A meta-analysis of differences in IL-6 and IL-10 between people with and without depression: Exploring the causes of heterogeneity.

Priority Research Centre for Translational Neuroscience and Mental Health, Faculty of Health, University of Newcastle, Callaghan, New South Wales 2308, Australia.
Brain Behavior and Immunity (Impact Factor: 5.61). 06/2012; 26(7):1180-8. DOI: 10.1016/j.bbi.2012.06.001
Source: PubMed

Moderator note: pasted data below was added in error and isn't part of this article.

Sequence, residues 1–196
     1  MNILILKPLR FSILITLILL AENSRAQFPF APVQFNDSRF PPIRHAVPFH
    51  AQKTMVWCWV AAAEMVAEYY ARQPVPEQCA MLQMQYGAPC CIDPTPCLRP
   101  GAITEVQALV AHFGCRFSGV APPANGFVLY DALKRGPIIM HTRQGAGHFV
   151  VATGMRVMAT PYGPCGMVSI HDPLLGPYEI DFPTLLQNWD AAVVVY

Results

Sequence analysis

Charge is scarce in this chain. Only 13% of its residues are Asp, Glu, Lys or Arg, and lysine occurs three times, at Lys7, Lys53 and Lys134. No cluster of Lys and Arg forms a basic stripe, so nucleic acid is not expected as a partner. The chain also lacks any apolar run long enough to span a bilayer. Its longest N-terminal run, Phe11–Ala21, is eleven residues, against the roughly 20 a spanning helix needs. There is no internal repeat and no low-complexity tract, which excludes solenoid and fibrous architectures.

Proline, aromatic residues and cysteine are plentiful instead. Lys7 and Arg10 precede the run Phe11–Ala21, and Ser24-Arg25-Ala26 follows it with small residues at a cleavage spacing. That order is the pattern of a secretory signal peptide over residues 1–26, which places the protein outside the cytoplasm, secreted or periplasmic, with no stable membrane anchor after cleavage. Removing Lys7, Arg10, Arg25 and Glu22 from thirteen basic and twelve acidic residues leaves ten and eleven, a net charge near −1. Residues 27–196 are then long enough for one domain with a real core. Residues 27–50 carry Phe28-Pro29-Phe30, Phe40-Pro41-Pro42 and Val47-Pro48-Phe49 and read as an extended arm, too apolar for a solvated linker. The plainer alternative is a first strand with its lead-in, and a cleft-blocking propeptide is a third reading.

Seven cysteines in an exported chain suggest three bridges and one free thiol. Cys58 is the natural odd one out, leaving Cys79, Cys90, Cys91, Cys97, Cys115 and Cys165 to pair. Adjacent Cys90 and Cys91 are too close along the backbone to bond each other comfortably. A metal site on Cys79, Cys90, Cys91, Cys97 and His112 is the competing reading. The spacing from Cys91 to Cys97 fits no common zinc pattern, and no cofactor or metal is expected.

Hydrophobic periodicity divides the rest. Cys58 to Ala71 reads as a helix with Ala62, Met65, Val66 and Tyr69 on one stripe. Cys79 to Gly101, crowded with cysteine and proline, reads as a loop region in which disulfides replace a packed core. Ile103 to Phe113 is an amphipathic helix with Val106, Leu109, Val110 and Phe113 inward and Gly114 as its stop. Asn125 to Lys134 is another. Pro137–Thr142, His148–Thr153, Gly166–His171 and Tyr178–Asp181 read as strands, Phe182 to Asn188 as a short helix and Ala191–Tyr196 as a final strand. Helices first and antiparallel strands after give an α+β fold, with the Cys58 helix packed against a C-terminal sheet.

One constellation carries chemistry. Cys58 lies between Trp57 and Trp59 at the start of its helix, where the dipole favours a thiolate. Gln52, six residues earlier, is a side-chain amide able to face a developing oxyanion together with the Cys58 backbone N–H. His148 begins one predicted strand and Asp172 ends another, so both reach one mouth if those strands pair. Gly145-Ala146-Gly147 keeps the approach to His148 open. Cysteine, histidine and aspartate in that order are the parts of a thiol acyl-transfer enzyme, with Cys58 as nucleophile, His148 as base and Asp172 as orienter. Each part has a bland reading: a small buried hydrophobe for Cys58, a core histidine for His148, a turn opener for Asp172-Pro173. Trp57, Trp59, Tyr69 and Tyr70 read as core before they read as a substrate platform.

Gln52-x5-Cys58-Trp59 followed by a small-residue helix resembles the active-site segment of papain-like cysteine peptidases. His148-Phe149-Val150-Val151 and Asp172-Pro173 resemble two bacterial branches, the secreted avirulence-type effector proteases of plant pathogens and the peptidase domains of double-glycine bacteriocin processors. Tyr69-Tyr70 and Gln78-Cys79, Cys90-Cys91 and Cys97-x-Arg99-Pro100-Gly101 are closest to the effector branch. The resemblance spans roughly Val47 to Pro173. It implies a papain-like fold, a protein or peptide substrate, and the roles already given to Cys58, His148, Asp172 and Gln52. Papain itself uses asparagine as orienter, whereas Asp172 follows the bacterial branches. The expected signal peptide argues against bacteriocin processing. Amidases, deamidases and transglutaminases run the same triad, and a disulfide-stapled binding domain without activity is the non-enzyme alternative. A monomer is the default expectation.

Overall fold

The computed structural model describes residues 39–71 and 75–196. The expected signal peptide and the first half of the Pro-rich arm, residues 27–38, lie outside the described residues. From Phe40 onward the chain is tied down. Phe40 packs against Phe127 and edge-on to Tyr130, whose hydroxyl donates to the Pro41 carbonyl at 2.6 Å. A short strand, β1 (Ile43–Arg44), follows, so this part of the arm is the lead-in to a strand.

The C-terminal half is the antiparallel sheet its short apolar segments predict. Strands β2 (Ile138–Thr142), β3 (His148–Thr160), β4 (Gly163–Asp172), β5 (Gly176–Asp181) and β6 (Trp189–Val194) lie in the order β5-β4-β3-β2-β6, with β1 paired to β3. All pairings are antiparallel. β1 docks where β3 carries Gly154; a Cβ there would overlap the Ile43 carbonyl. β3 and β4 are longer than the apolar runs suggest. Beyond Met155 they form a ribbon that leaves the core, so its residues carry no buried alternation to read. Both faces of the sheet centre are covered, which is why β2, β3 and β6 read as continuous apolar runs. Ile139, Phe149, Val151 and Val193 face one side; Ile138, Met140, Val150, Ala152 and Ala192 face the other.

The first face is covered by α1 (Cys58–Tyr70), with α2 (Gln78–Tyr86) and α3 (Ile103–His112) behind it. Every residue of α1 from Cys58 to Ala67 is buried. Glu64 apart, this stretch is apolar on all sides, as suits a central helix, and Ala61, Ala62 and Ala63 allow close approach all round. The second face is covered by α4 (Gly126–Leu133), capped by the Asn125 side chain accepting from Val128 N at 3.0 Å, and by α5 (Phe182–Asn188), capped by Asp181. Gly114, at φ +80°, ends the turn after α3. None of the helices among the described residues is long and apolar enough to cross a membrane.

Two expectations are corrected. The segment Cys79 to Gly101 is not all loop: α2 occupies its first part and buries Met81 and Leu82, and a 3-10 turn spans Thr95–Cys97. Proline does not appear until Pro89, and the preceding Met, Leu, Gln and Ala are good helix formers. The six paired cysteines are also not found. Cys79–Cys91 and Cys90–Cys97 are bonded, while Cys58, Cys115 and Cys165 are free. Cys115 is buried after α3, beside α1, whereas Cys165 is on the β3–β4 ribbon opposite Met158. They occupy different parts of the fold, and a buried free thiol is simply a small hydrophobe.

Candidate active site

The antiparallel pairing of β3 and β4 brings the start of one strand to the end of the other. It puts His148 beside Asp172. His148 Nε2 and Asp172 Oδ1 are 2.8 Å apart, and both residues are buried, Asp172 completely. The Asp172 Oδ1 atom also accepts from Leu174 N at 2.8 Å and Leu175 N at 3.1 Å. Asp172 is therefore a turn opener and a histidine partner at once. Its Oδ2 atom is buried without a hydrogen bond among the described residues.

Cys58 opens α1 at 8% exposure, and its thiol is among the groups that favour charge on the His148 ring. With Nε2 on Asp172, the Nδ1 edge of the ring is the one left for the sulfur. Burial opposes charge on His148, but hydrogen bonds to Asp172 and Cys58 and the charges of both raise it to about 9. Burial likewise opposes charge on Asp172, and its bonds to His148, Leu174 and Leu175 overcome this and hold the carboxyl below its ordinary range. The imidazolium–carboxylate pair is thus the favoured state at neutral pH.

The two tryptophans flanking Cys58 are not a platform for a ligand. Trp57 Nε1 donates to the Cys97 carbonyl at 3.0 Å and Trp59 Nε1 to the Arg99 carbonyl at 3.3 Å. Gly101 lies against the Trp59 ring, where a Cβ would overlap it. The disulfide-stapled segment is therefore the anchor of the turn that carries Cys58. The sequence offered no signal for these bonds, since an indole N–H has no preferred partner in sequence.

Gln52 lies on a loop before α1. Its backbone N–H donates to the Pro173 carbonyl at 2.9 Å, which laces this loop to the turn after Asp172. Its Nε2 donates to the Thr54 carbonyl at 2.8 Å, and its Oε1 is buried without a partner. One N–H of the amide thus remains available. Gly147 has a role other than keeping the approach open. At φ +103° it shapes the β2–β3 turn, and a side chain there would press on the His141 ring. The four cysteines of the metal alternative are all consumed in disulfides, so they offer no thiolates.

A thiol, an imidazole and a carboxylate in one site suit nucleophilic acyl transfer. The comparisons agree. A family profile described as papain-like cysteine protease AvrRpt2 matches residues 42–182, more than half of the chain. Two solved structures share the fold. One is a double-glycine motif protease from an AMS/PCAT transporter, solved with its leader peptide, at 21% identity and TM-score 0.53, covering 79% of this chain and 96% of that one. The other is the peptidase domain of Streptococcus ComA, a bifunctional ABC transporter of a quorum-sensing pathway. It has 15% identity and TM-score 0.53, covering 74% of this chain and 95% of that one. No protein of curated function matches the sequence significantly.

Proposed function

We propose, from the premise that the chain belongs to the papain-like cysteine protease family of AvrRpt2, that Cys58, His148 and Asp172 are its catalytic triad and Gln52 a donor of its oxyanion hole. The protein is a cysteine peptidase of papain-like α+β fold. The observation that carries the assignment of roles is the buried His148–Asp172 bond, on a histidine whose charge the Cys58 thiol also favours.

ABSTRACT Epidemiological evidence for the inflammatory hypothesis of depression is largely cross-sectional; people with depression have elevated levels of circulating pro-inflammatory markers compared to people without depression. The limitation of cross sectional research is the potential for extraneous factors to influence observed effects. The purpose of this meta-analysis of cross-sectional studies of interleukin(IL)-6 and IL-10 in people with and without depression is to provide a targeted analysis of potential moderator factors relating to the diagnosis of depression and to physical and psychiatric comorbidity. Electronic searches of Embase and Medline databases were conducted using subject headings "interleukin-6" or "interleukin-10" and those relating to depression. Studies were included if they measured circulating marker levels in serum or plasma in a group of people with and without depressive symptoms (99 studies for IL-6, 19 studies for IL-10). IL-6 was elevated in depressed compared to non-depressed groups (d=0.46, 99% CI 0.34 to 0.58, I(2)=85.9%). This effect was larger in subgroups where depressive disorders were diagnosed compared to those with only depressive symptoms via standardized inventory, and subgroups where participants were recruited from inpatient or outpatient settings compared to the general community. The effect was also larger in those who were not selected for a particular comorbidity compared to those selected for cardiovascular disease. IL-10 effect size was not significant (d=-0.31, 99% CI -0.95 to 0.32, I(2)=94.1%) which was not accounted for in subgroup analyses or meta-regression, indicating there is not a global elevation in cytokines. These data highlight that comorbidity and behavioral aspects of depression need to be measured and controlled in future prospective and experimental research testing the inflammatory hypothesis of depression.

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